What does a child do when another child knocks him down?  He collapses on the floor, cries, and refuses to get up.  In some cases, he may retaliate against his offender.

What does a Christian do after he gets tempted to sin and then falls into that sin (anger, impatience, lust, pride…) ?  He collapses on the floor, cries, and refuses to get up.  In some cases, he may retaliate against the devil, who tricked him into this sin.  At least, that is what a ‘childish’ Christian does.

You see, just as we ‘grow up’ physically, mentally, emotionally, academically, career-wise, and otherwise, we are also supposed to ‘grow up’ spiritually.  We should not react as a mature Christian the way we reacted as children.  But so often that is the case.  Our leader gives us such training in this chapter on what to do after we get knocked down.

In essence, after ‘another child’ knocks him down (or more accurately, after he trips over his own feet), a Christian could respond like this: He gets right up again, he dusts off his clothes, he forgives whatever needs forgiving, and he moves forward with a peace about him that leads one to wonder if anything even went wrong in the first place.

What to do after a fall:
admit your fault;
beg the mercy of God;
thank Him for stopping you from falling further;
regain peace of heart;
move forward in the confidence that it’s over.

When I was a child, I spoke as a child, I understood as a child, I thought as a child. But, when I became a man, I put away the things of a child. 1 Corinthians 13:11


Read the Spiritual Combat online here.

Read all of chapter 26 below.

To read previous posts on the Spiritual Combat, click here for the whole series.

Coming up next, chapter 27: on the plans of the devil for you.


all of chapter 26:

When you feel yourself wounded from having weakly, or it may be even willfully and deliberately, fallen into some sin, be not over-fearful or over-anxious, but turn instantly to God, saying:

Behold, O Lord, what of myself I have done! And what, indeed, could be expected of me but falls?

And then, after a short pause, humble yourself in your own eyes, mourn over the offense committed against your Lord; and without falling into discouragement, be full of indignation against your evil passions, especially that which has occasioned your fall. Then say:

Nor even here, Lord, should I have stopped, if Your goodness had not withheld me.

And here give thanks to Him, and love Him more than ever, wondering at the excess of His mercy, Who, when you had so deeply offended Him, stretched out His right hand to save you from another fall.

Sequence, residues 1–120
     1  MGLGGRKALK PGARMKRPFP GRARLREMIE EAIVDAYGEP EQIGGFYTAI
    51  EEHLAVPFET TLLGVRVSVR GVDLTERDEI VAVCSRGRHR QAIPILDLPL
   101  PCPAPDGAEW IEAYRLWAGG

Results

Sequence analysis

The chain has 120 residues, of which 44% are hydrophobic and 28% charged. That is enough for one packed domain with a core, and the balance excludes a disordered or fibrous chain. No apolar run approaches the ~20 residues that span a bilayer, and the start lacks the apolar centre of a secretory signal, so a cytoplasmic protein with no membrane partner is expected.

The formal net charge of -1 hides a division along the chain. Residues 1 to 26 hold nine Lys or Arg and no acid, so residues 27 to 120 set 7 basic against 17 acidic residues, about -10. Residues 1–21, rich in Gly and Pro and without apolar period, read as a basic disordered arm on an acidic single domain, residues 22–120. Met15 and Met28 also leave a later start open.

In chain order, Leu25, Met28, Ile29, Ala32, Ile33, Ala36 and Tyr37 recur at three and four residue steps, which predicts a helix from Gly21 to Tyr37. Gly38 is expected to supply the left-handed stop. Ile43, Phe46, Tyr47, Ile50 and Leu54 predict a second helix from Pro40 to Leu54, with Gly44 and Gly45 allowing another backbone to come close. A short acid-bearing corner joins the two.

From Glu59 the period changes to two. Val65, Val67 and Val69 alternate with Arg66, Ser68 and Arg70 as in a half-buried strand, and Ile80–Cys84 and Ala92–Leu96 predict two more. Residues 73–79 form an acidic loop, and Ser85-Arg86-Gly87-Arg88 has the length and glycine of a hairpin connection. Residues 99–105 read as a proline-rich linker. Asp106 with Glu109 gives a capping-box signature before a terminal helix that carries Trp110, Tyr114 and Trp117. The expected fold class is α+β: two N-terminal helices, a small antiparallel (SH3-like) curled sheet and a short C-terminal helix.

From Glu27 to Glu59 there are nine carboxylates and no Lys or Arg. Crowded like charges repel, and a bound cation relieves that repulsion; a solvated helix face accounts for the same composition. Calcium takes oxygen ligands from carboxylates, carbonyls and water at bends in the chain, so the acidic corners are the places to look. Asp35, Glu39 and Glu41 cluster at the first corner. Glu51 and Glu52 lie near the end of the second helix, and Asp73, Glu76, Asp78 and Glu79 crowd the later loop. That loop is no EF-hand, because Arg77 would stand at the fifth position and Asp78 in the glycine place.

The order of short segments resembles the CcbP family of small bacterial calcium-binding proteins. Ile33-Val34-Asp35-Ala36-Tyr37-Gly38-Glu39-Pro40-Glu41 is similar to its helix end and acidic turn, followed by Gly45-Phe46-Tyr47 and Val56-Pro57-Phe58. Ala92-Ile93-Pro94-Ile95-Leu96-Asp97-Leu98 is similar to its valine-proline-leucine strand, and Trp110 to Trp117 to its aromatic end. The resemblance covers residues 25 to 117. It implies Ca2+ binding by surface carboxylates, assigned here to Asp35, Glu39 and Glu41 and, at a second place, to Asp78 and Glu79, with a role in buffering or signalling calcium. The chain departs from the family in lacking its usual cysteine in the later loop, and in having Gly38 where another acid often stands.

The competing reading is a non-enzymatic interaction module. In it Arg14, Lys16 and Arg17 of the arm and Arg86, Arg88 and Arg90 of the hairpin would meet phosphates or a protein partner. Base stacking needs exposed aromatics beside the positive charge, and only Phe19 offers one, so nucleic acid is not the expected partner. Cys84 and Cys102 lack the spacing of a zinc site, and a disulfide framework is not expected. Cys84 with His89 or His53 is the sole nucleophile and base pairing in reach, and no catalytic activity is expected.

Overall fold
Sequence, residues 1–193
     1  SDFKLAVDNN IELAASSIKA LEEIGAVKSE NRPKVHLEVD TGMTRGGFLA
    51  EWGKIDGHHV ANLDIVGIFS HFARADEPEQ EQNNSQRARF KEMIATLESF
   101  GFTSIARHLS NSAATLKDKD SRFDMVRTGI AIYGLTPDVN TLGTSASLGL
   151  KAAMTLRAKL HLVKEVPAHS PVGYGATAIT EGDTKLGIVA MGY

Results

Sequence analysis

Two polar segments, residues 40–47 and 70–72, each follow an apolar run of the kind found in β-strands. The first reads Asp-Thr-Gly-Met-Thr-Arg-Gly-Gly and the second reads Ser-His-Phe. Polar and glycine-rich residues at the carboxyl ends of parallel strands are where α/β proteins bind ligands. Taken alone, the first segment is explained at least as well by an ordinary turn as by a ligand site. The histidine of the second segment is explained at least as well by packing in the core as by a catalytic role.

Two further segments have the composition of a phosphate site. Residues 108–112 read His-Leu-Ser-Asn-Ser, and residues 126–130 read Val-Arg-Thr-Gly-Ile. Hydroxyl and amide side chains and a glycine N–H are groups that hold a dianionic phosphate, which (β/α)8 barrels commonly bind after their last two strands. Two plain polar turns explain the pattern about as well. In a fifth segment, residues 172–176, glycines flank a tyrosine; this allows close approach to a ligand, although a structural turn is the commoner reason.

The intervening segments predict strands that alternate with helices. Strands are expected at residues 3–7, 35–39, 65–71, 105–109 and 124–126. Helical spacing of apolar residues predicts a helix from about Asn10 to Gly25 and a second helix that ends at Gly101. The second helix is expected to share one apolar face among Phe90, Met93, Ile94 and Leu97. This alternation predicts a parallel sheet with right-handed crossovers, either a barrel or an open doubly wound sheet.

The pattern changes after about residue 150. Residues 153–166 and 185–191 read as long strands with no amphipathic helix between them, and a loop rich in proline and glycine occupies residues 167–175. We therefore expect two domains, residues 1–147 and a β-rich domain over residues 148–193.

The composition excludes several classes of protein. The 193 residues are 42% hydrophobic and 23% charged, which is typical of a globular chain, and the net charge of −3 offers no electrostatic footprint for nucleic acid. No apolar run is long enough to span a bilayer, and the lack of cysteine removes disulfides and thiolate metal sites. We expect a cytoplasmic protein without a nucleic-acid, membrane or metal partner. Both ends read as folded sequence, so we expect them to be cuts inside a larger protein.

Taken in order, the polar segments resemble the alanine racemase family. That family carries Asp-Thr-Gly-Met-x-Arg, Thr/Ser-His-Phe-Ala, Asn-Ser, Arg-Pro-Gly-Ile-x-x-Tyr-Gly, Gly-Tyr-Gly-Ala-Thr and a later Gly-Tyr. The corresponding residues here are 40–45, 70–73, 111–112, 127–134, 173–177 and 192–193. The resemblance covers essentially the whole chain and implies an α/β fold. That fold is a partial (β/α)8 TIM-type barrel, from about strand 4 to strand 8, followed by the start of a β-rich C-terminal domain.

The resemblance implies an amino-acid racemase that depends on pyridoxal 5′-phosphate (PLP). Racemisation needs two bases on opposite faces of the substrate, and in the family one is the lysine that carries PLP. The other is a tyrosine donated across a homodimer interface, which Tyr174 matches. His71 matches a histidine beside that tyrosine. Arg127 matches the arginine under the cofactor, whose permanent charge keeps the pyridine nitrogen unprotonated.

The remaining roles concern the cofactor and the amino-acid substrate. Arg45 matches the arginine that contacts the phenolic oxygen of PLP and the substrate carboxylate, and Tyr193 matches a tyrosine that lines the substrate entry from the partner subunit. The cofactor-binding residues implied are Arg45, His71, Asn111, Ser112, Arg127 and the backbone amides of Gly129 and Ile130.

Lastly, say, with great confidence in His infinite compassion:

Forgive me, Lord, for Your own sake; suffer me not to depart from You, nor to be separated from You, nor evermore to offend You.

And this done, do not sit down to consider whether God has pardoned you or not; for this is nothing else but pride, restlessness of mind, loss of time, and, under color of various fair pretexts, a delusion of the devil. But, committing yourself unreservedly to the merciful hands of God, pursue your exercise as if you had not fallen.

And if you should fall wounded many times in the day, repeat what I have taught you with no less faith the second, the third, and even the last time than the first; and despising yourself, and hating the sin more and more strive to lead henceforth a life of greater watchfulness.

This exercise is very displeasing to the devil, both because he sees it to be most acceptable to God and also because he is enraged to see himself overcome by one over whom he had been at first victorious. And therefore he seeks by many artful wiles to make us relinquish it; and, through our carelessness and lack of vigilance, he is but too often successful.

The harder therefore, this exercise may seem to you, the greater violence must you do to yourself, renewing it repeatedly even after a single fall.

And if after any fall you feel uneasy, distrustful, and confused in mind, the first thing to be done is to recover your peace and quietness of mind, and with it your confidence in God. Armed with these, turn again to the Lord; for your uneasiness on account of your sin arises not from the consideration of the offense against God, but of the injury to yourself.

To recover this peace, discard entirely from your mind the thought of your fall, and set yourself to meditate on the unspeakable goodness of God; how He is beyond measure ready and willing to forgive every sin, how grievous so-ever; calling the sinner by manifold ways and means to come to Him, that He may unite him to Himself in this life by His grace in order to his sanctification, and in the life to come by His glory for his eternal beatification.

And having quieted your mind by these and the like reflections, turn your thoughts once more to your fall, according to the instructions given you above.